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Torture by Police, Forced Disappearance

& Other Ill Treatment

In the early years of the 21st Century, 2000 to 2025                                

Republic of Lithuania

Police abuse of detainees and lengthy pretrial detentions are lingering issues. Separately, despite some progress in recent years, Lithuania still has one of the highest homicide rates in the EU.  [Freedom House Country Report, 2018]

Description: Description: Description: Lithuania

CAUTION:  The following links have been culled from the web to illuminate the situation in Lithuania.  Some of these links may lead to websites that present allegations that are unsubstantiated or even false.  No attempt has been made to validate their authenticity or to verify their content.



If you are looking for material to use in a term-paper, you are advised to scan the postings on this page and others to see which aspects of Torture by Authorities are of particular interest to you.  You might be interested in exploring the moral justification for inflicting pain or inhumane or degrading treatment or punishment in order to obtain critical information that may save countless lives, or to elicit a confession for a criminal act, or to punish someone to teach him a lesson outside of the courtroom.  Perhaps your paper might focus on some of the methods of torture, like fear, extreme temperatures, starvation, thirst, sleep deprivation, suffocation, or immersion in freezing water.  On the other hand, you might choose to write about the people acting in an official capacity who perpetrate such cruelty.  There is a lot to the subject of Torture by Authorities.  Scan other countries as well as this one.  Draw comparisons between activity in adjacent countries and/or regions.  Meanwhile, check out some of the Term-Paper resources that are available on-line.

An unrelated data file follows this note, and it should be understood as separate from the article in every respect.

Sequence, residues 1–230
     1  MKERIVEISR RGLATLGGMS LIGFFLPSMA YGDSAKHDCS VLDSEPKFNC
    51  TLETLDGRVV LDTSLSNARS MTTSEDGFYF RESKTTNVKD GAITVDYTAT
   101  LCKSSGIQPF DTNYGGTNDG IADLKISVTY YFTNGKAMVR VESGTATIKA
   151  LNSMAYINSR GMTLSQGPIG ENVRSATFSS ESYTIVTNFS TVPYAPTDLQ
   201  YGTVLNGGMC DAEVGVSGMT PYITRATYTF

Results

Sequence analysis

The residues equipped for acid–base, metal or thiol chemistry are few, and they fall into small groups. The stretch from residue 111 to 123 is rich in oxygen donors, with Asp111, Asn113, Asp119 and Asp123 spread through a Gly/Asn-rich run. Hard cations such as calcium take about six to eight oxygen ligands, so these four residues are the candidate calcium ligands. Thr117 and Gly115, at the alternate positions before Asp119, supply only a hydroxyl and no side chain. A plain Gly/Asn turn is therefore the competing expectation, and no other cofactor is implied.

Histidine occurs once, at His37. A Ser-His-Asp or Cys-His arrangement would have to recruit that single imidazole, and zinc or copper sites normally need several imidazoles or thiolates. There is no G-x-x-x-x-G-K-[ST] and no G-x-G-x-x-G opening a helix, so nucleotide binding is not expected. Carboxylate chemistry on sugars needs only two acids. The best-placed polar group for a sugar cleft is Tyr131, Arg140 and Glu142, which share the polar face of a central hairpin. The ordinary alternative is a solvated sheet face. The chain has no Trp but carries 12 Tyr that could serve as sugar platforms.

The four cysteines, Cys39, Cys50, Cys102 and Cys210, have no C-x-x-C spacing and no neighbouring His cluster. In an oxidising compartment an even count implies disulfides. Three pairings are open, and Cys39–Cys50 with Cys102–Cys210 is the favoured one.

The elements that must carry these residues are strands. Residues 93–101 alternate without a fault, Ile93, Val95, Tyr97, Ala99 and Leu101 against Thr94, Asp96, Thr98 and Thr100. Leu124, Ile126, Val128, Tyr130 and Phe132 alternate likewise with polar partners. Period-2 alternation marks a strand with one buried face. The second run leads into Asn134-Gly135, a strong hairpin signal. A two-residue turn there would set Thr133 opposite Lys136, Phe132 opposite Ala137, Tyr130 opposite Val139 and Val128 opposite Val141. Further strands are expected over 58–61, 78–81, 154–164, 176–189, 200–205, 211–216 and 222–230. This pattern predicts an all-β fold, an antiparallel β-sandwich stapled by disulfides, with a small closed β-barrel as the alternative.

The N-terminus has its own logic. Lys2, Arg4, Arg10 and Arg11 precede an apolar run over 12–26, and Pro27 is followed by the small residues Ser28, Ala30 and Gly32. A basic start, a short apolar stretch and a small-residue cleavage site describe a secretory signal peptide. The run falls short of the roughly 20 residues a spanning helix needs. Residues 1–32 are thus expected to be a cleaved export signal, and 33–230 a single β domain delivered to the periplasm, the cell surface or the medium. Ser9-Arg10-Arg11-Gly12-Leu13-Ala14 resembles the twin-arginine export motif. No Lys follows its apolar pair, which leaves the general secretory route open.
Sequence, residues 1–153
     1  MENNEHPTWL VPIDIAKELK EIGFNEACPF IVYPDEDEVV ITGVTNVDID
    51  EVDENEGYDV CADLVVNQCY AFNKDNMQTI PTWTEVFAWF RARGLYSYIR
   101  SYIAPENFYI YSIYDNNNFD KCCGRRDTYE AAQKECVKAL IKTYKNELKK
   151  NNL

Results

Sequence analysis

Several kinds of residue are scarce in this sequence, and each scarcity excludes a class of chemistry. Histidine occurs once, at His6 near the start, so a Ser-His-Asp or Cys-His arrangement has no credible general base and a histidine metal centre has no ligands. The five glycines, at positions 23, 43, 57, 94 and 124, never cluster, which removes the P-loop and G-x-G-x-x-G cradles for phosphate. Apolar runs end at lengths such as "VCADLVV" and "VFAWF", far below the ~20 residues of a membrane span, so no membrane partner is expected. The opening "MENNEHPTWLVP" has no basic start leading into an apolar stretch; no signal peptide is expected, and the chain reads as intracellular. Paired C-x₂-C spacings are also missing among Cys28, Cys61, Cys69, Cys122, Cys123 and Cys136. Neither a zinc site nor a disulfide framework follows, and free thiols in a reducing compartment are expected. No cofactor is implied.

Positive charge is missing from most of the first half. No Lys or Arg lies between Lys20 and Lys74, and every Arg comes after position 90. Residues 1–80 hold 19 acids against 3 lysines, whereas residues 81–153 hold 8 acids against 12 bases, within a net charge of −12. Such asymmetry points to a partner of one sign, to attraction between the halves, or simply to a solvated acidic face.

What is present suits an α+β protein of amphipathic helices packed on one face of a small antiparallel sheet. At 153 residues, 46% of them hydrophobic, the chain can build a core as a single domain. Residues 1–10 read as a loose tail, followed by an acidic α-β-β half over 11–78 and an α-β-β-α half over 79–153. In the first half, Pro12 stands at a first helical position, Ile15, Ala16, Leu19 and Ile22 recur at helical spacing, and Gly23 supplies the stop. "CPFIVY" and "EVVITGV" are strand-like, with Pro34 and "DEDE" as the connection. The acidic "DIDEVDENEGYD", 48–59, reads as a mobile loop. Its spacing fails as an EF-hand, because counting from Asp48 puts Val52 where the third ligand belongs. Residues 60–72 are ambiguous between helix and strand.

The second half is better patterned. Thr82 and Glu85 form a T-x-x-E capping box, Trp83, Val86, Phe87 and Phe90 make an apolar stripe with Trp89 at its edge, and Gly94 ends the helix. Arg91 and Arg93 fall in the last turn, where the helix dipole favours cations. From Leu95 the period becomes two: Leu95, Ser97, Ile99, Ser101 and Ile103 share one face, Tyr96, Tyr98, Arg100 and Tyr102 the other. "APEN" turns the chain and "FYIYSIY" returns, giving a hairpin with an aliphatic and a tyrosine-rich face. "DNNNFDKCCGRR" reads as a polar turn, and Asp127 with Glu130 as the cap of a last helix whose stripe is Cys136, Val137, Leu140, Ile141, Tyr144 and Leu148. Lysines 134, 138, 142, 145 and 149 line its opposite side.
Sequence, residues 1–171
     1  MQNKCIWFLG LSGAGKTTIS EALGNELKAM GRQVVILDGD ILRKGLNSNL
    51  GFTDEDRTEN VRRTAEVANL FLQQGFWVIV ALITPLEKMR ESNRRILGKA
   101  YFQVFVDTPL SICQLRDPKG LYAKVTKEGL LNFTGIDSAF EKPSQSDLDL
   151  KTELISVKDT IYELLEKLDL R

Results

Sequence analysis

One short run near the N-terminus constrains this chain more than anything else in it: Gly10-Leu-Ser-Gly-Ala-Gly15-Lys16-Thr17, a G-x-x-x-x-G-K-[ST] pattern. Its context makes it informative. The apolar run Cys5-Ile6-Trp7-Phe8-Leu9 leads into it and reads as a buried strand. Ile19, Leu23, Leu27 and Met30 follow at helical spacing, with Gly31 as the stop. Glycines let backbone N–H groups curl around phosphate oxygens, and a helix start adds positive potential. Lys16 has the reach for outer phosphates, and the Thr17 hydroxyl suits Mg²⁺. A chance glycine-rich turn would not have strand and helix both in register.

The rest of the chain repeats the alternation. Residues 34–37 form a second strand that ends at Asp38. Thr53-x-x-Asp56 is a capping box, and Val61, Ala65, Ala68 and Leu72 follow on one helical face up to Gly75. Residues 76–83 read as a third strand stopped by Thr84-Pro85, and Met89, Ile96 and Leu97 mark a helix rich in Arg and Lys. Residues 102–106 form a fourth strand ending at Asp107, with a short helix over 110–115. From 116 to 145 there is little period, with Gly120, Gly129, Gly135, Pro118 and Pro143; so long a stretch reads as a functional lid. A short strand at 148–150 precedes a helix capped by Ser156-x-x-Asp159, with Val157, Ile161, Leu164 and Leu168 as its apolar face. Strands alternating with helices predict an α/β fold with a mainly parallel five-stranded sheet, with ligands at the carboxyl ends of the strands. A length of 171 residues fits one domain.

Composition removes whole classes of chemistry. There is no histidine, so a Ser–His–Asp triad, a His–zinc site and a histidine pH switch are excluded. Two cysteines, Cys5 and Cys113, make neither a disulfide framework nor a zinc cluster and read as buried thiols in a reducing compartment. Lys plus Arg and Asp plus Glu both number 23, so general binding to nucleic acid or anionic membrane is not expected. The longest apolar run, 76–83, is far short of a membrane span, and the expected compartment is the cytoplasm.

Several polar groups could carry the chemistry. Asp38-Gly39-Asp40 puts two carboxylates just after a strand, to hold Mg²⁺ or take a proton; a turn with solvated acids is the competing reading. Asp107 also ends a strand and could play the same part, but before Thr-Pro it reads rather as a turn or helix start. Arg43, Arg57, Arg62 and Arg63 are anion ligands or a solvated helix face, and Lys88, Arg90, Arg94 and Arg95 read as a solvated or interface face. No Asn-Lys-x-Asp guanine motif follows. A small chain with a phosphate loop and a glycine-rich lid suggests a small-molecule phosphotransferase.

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2020 Country Reports on Human Rights Practices: Lithuania

U.S. Dept of State Bureau of Democracy, Human Rights, and Labor, 30 March 2021

[accessed 27 July 2021]


The constitution and law prohibit such practices. In its report published in June 2019, the Council of Europe’s Committee for the Prevention of Torture (CPT) stated it had heard allegations of excessive force exerted by prison staff at the Alytus, Marijampole, and Pravieniskes Prisons in subduing interprisoner violence.